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Most eyes at the French Open have been on Rafael Nadal or on Andy Murray or Maria Sharapova or Simona Halep, but the eyes of John Martin of the New York Times have been on the ball kids, the boys and girls scuddling around the court retrieving tennis balls and returning them to the players.
Martin joined Bill Littlefield on Only A Game.
BL: The girls and boys who gather up the tennis balls at Roland Garros begin their day in an unusual way. What do they do as they run across the grounds in formations similar to — at least as you have written — a military unit on a morning jaunt?
In a way [ball boys and girls] are athletes -- and darn good ones. When you watch them perform on the court it's amazing.John Martin, New York Times
BL: I can understand why the ball boys and ball girls would also prepare for their day by stretching. That makes perfect sense. But tell me why they then lie down on the ground in neat rows and close their eyes for five minutes.
JM: It is quite a sight, and I've had people just sort of gawk at that: "What in the world are they doing?" David Portier, who's the head of the team, says they're just concentrating, getting themselves in the right frame of mind. Athletes do this too as you know. In a way they are athletes — and darn good ones. When you watch them perform on the court it's amazing.
BL: What else makes the experience of a ball boy or a ball girl at the French Open different from somebody running after tennis balls at one of the other major tournaments.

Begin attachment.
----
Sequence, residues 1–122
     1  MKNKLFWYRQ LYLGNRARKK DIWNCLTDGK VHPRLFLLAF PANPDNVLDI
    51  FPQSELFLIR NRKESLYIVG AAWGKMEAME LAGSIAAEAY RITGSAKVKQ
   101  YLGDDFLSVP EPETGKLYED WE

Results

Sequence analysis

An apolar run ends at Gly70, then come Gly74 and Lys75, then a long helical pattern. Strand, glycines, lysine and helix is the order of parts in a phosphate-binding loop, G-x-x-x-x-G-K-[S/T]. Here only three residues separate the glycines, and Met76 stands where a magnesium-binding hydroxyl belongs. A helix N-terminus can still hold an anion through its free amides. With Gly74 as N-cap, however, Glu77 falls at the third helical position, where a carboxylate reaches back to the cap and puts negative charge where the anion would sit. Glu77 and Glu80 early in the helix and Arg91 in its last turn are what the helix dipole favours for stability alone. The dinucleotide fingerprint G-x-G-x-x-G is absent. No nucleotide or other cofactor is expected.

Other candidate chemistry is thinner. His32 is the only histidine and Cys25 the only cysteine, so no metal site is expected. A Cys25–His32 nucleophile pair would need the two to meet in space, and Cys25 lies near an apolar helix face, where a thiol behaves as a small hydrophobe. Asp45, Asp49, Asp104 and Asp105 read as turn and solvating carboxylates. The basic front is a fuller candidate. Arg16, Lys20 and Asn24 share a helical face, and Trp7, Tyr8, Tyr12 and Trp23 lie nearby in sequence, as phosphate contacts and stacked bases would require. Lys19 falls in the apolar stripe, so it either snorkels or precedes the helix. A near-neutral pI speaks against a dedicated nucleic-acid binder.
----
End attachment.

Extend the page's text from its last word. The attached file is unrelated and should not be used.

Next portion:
[sidebar title="More From The French Open" width="330" align="right"]One of the greatest tennis champions in French history is Max Decugis. Meet France's forgotten champion. [/sidebar]JM: Well, the main thing is their attention to fitness, to physical condition. The three other major international tournaments have kids of the same age — although the U.S. Open actually has kids, "kids," up to the age of 48, 49; there's no upper age limit in New York — but basically it's they're putting themselves into the physical condition to get out there and do their job.
BL: Three-thousand children applied for jobs as ball boys or ball girls at the French Open and only 250 of them made the cut. What distinguishes a successful candidate?
JM: Speed is a big factor as you know from watching a tennis match. Those kids are in and out of view often in eight seconds, seven seconds, so they've gotta be fast, they've gotta use their heads. It's so interesting to watch them because they are performing for the first time, you know, on an adult scale.
BL: On YouTube, you can find videos of ball boys and ball girls who have screwed up in one way or another. I guess the really successful ball boy or ball girl is one who's never noticed.
JM: That's right. If they're doing their job they're invisible. You know, the best YouTube video of that, however, is Seinfeld's satire on ball kids. I don't know if you saw that.
BL: I'm familiar with it.
JM: Yeah, Kramer gets a job, and he's down there and he's trying real hard and all of a sudden he knocks over Monica Seles in the final. And Seinfeld says from the stands, "So ends the ball man experiment." Well, of course, it isn't over because they still have ball man tryouts.
BL: During a rain delay at this French Open, Novak Djokovic invited a ball boy charged with holding his umbrella to ... sit down next to him. He gave his guest some water from his bag, and the two looked to be conversing and having a fine old time together. I suppose the usual day of the ball kid is not quite that glamorous.
JM: Not at all. And I think the greatest thing about Djokovic was that he looked just like a ball kid. He was quite a few years older than the kid who was sitting next to him but he had that same composure and very casual. It was wonderful. It really was great.
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